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question on gelatin, vs. kosher gelatin? 
7th-Aug-2013 12:28 am
question on gelatin, vs. kosher gelatin?

I've never been a huge yogurt fan, but i am so surprised to learn that a food that's usually entirely vegetarian, even, has 'kosher' gelatin added to it. i've seen it in some baked goods too, and wanted to know, does kosher mean it could be plant-based, i mean, come from some other source and not animal? is gelatin always meant that it derives from an animal source?

thanks you guys =)

also - i don't really like the taste of soy, and i'm allergic to all tree nuts. so almond milk is out, but what other non-dairy milks do you guys prefer?

(xposted to veganpeople
Comments 
7th-Aug-2013 04:39 am (UTC)
As far as I am aware .... Kosher gelatin is usually made with agar agar because you cannot mix meat with dairy products and call it kosher and since a lot of dairy products have gelatin, it is usually made from agar and thus vegan.

However this may not always be the case because some kosher gelatin can be made with meat and still satisfy kosher guidelines. Though I could be wrong about that.

7th-Aug-2013 04:40 am (UTC)
Oh and I love oat milk! Have you tried that?
7th-Aug-2013 05:40 am (UTC)
And don't forget coconut; but do you consider coconuts tree nuts?
15th-Sep-2013 06:50 pm (UTC)
This is not the case - kosher gelatin can definitely be made with meat and satisfy kashrut (kosher law). And often is. The other comments on this thread get into it a little, but I'll break it down, since I see a lot of confusion in the thread.

Okay, so kosher is a product that a group of rabbis judge to meet kashrut. There are different interpretations of kashrut, which is why what qualifies as kosher may vary depending on what group certifies it.

Pig products can indeed be kosher (depending on the interpretation of kashrut) as has been pointed out - the part of the pig being used has been judged not to be food. This can apply to other animals sources, too. Fish is not the only source of kosher gelatin, even though pig is rarer (I don't think it's the most popular interpretation, though it is logically consistent in regards to categorizing pig-based gelatin as pareve vs other animal sources). I believe beef is the favored source.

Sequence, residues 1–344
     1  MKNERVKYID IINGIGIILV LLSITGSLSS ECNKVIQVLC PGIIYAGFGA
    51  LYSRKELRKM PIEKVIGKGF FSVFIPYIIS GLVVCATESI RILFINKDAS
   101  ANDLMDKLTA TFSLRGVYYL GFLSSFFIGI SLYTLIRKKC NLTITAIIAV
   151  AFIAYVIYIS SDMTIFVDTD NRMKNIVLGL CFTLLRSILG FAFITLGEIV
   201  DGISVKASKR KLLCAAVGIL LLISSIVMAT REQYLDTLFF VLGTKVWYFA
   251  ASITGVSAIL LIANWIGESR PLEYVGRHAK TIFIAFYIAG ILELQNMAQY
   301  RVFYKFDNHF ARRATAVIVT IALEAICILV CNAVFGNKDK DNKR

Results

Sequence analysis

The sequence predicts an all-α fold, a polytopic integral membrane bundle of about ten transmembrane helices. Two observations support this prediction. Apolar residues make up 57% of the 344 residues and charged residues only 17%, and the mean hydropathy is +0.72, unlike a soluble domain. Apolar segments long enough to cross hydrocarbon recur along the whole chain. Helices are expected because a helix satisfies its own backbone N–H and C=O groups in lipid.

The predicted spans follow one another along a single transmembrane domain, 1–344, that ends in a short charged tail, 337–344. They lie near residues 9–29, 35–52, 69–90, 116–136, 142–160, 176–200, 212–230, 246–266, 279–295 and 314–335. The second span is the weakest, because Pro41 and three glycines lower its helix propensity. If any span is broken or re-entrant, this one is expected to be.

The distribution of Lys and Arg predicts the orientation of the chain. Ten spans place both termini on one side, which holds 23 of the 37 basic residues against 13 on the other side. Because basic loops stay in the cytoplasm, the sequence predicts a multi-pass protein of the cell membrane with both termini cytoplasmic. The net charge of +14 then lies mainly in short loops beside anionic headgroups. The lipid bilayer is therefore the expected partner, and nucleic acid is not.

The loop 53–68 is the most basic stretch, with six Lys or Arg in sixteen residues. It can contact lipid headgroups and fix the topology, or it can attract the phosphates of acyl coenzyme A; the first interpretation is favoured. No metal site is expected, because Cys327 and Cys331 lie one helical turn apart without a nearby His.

Dairy and meat aren't categories (see below) placed on animal-based gelatin, so that's an irrelevant. Also, as has been pointed out, gelatin is pareve, "neutral", neither milk nor dairy. The kosher certification of gelatin relates to other aspects of what is kosher (yes, there is a fair bit more to it that the meat vs dairy thing), as has been pointed out - how the animal is killed being one. Fish and eggs are pareve , by the way, so never let that label fool be confused for even being vegetarian, much less vegan!

Another term that is related to this is 'milchik' - simply means dairy. "Fleshik' means meat. These don't conform exactly to how we would define meat or dairy as vegans.

So, to sum it up: gelatin is pareve (neither dairy nor meat), can be made with any animal depending on interpretation of kashrut, and any gelatin (unless explicitly stated to be vegan) should be assumed not to be vegan - and this extends to anything else that's labeled kosher or pareve (obviously if you check the ingredients list on and it IS all vegan, you're good to go, so don't necessarily avoid such products, either).
7th-Aug-2013 04:47 am (UTC)
Kosher gelatin is just gelatin made from kosher animals (eg not pigs) slaughtered according to kosher laws (eg cows that have their throats slit while being suspended upside down. Don't YouTube it, I made that mistake once after my bf's Jewish relatives insisted kosher slaughter was more humane).